Jeremy Clarkson Slams The Manual Gearbox – Could He Be Right?

Some say “controversy” is his middle name and, love him or loathe him, you can’t deny he’s anything but boring.

Either way, you can’t say he’s not a petrolhead – that’s why the following quote from his Sun column comes as a surprise.

“WHY,” I wailed inwardly, “would anyone ever buy a car with a manual gearbox these days?”

Guess what: That’s just the beginning of his attack against those who prefer to change cogs themselves instead of leaving the task to a computer.

“The only people who would buy an old-fashioned gearstick manual are the sort who choose not to have a washing machine because they prefer to clean their clothes in the local river.”

Why, the Pope may turn out not to be Catholic after all, but Jezza advocating auto boxes and lashing out against manuals? That’s fresh!

In a nutshell what he says is that, since most of us spend the best part of our time behind the wheel not on a great mountain road or a track, when we can get the best out of a manual and enjoy things like heel-and-toe, but stuck in traffic or in motorways, we’d be much better off with a self-shifter.

Today they are so far removed from the slow, heavy, fuel-thirsty ones of the past that they are the natural option if you’re out for a new car.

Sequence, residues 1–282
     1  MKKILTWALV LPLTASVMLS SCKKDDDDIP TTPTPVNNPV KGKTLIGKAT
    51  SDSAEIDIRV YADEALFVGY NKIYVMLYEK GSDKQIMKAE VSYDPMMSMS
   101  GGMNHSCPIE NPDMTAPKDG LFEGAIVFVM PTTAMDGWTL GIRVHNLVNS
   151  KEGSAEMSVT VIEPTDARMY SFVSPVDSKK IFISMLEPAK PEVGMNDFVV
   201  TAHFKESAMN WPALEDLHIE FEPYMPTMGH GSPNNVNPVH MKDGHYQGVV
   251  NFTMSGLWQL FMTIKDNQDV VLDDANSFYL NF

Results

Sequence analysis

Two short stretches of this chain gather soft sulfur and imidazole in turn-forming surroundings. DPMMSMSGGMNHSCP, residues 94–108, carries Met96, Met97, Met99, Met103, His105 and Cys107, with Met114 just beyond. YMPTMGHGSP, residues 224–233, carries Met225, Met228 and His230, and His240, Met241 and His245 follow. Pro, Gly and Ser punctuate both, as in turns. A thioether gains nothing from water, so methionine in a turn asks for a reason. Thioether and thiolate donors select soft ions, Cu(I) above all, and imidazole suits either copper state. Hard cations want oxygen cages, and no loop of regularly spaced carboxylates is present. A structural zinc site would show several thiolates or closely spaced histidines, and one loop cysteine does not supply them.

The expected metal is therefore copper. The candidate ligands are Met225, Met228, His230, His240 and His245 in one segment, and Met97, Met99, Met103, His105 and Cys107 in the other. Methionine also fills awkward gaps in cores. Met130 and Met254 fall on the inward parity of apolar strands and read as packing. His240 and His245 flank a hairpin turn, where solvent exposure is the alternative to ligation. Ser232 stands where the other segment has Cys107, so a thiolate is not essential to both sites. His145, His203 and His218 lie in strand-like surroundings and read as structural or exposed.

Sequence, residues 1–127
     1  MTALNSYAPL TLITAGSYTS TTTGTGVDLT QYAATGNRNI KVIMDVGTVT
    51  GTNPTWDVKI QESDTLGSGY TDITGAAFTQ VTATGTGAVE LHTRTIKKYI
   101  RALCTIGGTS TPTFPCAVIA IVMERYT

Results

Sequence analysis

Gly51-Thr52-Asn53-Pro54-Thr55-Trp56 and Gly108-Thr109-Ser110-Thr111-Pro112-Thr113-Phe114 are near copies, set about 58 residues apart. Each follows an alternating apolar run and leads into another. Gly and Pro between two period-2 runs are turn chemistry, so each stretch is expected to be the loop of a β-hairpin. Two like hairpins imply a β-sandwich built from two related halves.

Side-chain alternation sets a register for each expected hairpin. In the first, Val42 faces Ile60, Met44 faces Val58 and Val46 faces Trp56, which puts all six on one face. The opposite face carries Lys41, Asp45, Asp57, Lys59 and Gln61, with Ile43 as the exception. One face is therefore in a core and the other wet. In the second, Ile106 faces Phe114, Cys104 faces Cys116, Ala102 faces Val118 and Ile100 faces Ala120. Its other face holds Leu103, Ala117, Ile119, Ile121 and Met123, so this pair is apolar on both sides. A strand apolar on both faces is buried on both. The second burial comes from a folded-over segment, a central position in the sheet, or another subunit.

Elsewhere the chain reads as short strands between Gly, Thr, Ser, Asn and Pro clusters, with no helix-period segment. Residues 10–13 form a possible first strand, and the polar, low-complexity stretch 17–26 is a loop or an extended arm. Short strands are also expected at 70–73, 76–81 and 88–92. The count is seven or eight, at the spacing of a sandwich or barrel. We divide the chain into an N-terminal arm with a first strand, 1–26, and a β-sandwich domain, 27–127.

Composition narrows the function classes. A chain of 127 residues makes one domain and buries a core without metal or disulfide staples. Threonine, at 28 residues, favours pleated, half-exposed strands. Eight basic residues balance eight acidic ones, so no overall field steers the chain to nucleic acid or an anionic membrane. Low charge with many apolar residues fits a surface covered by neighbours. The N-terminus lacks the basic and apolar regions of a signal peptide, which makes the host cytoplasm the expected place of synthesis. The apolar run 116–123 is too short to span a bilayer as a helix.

“Flappy-paddle gearboxes now are sublime. Fast. Easy. Rewarding. Nice.”

Before you cry “Heresy!”, bear in mind that cars are nowadays just a means of getting from point A to point B for most drivers, who probably don’t know, and aren’t interesting in learning either, about things like understeer, oversteer, steering feel, how to balance the car on the throttle – never mind heel-and-toe and executing the perfect downshift.

Manufacturers themselves are consigning the gear lever to history. Ferrari’s metal gate is dead and buried and nowhere to be found in any of its cars on sale today. The same goes for Lamborghini and McLaren; and you definitely remember the outrage caused by Porsche Motorsport offering only a PDK dual-clutch on the GT3 and, subsequently, the GT3 RS. Nissan GT-R? Hypercars? Not a gear lever in sight, only paddles and buttons.

Is he just making a fuss for the sake of it or is he right in proclaiming the end of the manual?